See the trend here? Find an enemy – any enemy – and declare war on him, them, or it. And there are always plenty of candidates. And the Cold War served as our version of perpetual war for a good lifetime – right up until 1990 or so, at which time peace broke out in unprecedented numbers, and the military was in a complete funk (not to mention the arms makers and anyone who wanted to be a “war president”). It was just getting too hard to drum up business! And those few pathetic military “operations” with all the inane titles didn't quite fill the bill. But then, a miracle! 9-11 happened, and we were back in business again... but this time it was even better. Unlike World War I, we didn't have to go home after Germany and Austria-Hungary were defeated, and unlike World War II, we didn't have to go home after Germany, Italy, and Japan were defeated, and unlike the Cold War, we didn't have to go home after the Soviet Union broke up. Now we were fighting “terrorism” -- the ideal enemy! Because “terrorists” can be anywhere, or anyone... and we can never be sure that they're all either dead or neutralized. And it's not a matter of conquering a country or a given piece of territory... even though “regime change” is one of the high-priority pieces of the strategy. But here's what's best -- “terrorism” is based directly on the tenets of a major world religion (monotheistic, even!) -- one that's been around for 1400 years and is actually gaining strength and adherents, many of whom are of the militant cast and are thus available to take the role of enemies virtually in perpetuity.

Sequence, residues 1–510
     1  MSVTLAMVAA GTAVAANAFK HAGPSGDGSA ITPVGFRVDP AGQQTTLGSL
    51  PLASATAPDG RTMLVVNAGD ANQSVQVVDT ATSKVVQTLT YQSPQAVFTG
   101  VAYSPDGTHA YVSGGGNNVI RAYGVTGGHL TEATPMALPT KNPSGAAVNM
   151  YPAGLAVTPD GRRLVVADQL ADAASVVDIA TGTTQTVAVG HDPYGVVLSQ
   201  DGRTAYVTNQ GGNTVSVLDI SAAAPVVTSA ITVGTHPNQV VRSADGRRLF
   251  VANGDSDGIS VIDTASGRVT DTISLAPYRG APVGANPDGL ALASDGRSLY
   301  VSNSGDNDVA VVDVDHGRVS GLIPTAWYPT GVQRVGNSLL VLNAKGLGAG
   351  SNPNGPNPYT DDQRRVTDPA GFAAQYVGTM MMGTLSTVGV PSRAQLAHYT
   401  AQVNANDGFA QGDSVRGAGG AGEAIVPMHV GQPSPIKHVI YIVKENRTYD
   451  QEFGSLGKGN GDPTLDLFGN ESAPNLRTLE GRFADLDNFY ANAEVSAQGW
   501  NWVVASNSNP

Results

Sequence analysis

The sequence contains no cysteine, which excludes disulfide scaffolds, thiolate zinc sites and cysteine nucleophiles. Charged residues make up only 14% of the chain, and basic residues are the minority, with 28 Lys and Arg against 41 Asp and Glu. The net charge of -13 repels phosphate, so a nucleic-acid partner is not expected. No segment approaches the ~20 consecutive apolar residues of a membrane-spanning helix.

Interestingly, when the Moslems accuse the West of fighting a crusade, they're only half right. The original Crusades were designed, principally, to insure the safety and access of pilgrims to the Holy Land. The current “crusade”, if you listen to the Evangelicals, is bit different. For one thing, Christians (and everyone else) already has access to the Holy Land, so that can't be the issue. And it's not just about keeping it safe either. What it's about this time around is, in fact, not Christianity at all but Judaism – specifically the notion that the State of Israel, a totally man-made entity, has somehow, mysteriously, acquired the status of key to the “end times”, and thus to the world's salvation. But there's another difference as well. In the case of the original Crusades, once the Holy Land had been conquered (more or less) it was then a matter of consolidation, and maintaining a power base. The Moslems could go right on worshiping in their own way, and no one cared, as long as they stopped harassing Christians. And the Jews could do whatever they did as well – the few who were still left in that part of the world, that is. So the criteria for success were fairly objective and achievable, all told. But this time around... well, I suppose one criterion for success would be “no more terrorism, anywhere on earth”, which means “no more militant Islamists”. Lots of luck with that one. Or, if you want to get even more extreme, it could be “no more Moslems, period”; this is certainly what the Evangelicals and outfits like Blackwater seem to believe is appropriate. But in that case, you're also going to have to wipe out fairly large chunks of the current population of France and a few other European countries. So you see, there can't be an ultimate goal, or criterion for success, that makes any sense or that satisfies anyone. So we're asked to be satisfied with limp-wristed “interim” or “transitional” goals – which usually involve turning the control of a given country over to the people who actually live there. But that's certainly not going to solve our problem, which is “terror” -- which can strike anywhere, at any time, and for any reason (or for no reason at all). And clearly, we can't trust the people in those flea-bitten places to ever do the right thing, either as individuals or in the aggregate, so our only option is -- regretfully and with a heavy heart -- to just stay there forever – which is precisely the intent, but for some reason it isn't yet possible to admit this in any public forum. I mean... Obama could get on TV, the way he did the other night, “from the Oval Office”, and just say “We're going to be in Iraq and Afghanistan forever. You don't have to like it, but that's the way it is. Good night and good luck.” Now that would be concise... and, best of all, honest – which is why it will never be done.